June Buccina participates in a yoga class at the Ashland Senior Center. Participating in regular group activities is helpful in preventing isolation that often occurs as one ages. Mail Tribune/Denise Baratta


When Jacksonville resident Margaret Pashko moved from Southern California two years ago, she faced more than relocation. Recently widowed, she was adapting to retirement after a long and busy career, leaving her home of 50 years for new digs in Southern Oregon, and had put great distance between herself and her family and longtime social circle. She was alone.

Then, on a whim, having heard about opportunities available through the Osher Lifelong Learning Institute, a national educational program with a chapter at Southern Oregon University, she signed on for some of the program's classes, eventually taking a more active role in the program, and found some community organizations to get involved in.

Not only did Pashko make some connections and new friends, she may very well have extended her life.

According to research at Brigham Young University, isolation can do more than cause sadness — it can kill. The BYU researchers found that people who are involved with others improve their survival odds by 50 percent. Loneliness, the study found, has the same health impact as smoking 15 cigarettes a day, making it more risky than not exercising and twice as harmful as obesity.

While Pashko knew the importance of creating a new social circle and staying active, researchers and health care professionals say that for too many seniors retirement and aging can lead to isolation and depression — the physical ailments that go along with both.

"It could have been a very daunting situation for me with so much change. How do you meet people at age 65? I had lots of friends where I had lived. When I made the big move, I realized it was harder to meet people when you're older," Pashko said.

"It was a big move, and I'm glad I did it, but a lot of people said, 'How could you go to a new area and sell your house after losing your husband?' I think I was just particularly fortunate. Being somebody without a spouse and all that jazz, I feel very fortunate and grateful for the connections I was able to find."

Rogue Valley family physician Barbara North says Pashko's situation was ideal. Too often retirees fall into a cycle of reduced activity, which leads to reduced social contact and then to increased physical ailments. Once their health deteriorates, they're even less likely to become involved.

"Too often, we don't equate emotional well-being to physical well-being, but they're connected in a lot of important ways," North said. "In terms of just isolation, it's kind of the opposite of stress. It's a deficiency of stimulation and responsibility

"Another factor is, when folks get a little bit older, they can't keep up as well physically and tend to be left out of things or left alone. I really do believe that when you stop moving, that's almost the definition of social isolation. If you're not moving around in the world, your arteries clog, blood pressure goes up. The mental health side of it is your brain misses having that activity."

Retired nurse Sandy Theis, after a busy career, knew before retirement how much she would value continued community connections and staying active.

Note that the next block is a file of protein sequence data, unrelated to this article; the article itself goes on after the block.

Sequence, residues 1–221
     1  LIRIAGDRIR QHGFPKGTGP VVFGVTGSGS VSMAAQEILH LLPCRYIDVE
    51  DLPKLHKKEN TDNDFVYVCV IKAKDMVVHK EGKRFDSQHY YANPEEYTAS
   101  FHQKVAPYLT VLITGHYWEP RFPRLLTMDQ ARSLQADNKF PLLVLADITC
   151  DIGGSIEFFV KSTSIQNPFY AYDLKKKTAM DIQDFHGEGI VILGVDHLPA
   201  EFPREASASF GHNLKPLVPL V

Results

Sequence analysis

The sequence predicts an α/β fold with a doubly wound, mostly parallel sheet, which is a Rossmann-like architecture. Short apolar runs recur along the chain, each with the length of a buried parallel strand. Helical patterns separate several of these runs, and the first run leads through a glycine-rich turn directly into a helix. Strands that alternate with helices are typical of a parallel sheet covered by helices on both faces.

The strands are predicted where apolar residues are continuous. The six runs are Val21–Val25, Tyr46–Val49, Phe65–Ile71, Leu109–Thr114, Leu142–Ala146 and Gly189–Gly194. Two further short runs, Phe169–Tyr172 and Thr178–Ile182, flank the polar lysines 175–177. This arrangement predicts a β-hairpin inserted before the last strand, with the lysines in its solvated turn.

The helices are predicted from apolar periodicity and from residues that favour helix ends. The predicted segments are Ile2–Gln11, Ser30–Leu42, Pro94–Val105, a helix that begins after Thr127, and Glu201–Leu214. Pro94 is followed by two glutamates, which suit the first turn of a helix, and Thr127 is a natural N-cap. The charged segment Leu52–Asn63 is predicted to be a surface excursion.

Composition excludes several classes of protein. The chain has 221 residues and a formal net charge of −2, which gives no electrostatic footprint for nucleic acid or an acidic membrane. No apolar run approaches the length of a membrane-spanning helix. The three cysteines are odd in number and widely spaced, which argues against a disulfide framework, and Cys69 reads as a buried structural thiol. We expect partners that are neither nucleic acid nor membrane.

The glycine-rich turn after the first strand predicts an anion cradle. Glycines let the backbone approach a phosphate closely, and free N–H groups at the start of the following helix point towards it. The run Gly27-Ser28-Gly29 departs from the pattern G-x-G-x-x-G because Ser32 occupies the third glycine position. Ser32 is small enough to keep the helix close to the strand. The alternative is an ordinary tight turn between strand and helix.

A council member for OLLI, Theis participates in community organizations such as American Association of University Women, Rogue Valley Council of Governments Senior Advisory Council and Oregon Shakespeare Festival, and she encourages other seniors to find their own niche to stay engaged in the world around them.

"I think it's important to be involved in the community in general, but it's also important for your own health. I've been retired for some time now and was quite active in my work life so, I think, going from being very active to virtually nothing would have been a real shock," said Theis, 76.

"It's important to be able to continue to develop and provide some of those skills that I had in the workplace. It's different for everyone, but I knew that I needed to find an outlet to be able to continue to contribute. I enjoy the groups I am involved in, and they have a broader sense of purpose in serving the community."

The words "sense of purpose" are echoed by Julianne Holt-Lunstead, a BYU researcher and lead author of the study.

"When someone is connected to a group and feels responsibility for other people, that sense of purpose and meaning translates to taking better care of themselves and taking fewer risks."

Retired Mail Tribune copy editor Ellen Wakefield found her sense of purpose in helping children. During her working years, Wakefield was an original volunteer when the Rogue Valley SMART reading program launched in 1995 in Medford. Eventually named a site coordinator for Jackson Elementary School, she admits to considering a break in recent years, but quickly changed her mind.

"There was a period of time when I thought, after three or four years of being a coordinator, maybe I just wanted to be a reader. So I took a year off from coordinating. I liked the reading, but it didn't take long before I wanted to get back to being a coordinator again," she noted.

Retired 11 years now, Wakefield said her contributions to the community do give her that sense of purpose.

"I love the SMART program, and I love contributing. Sometimes I'll have a day where I think, 'Why did I say I would do that?' There are always days you would rather stay home and vegetate, but it's better not to," Wakefield said.

"If you don't stay active, it's all downhill from there. I would say volunteering in any form, and staying active, for sure, is a great way to stay healthy and to stay connected to the world."

For information about the Osher Lifelong Learning Institute at Southern Oregon University, see

Buffy Pollock is a freelance writer living in Medford. Email her at

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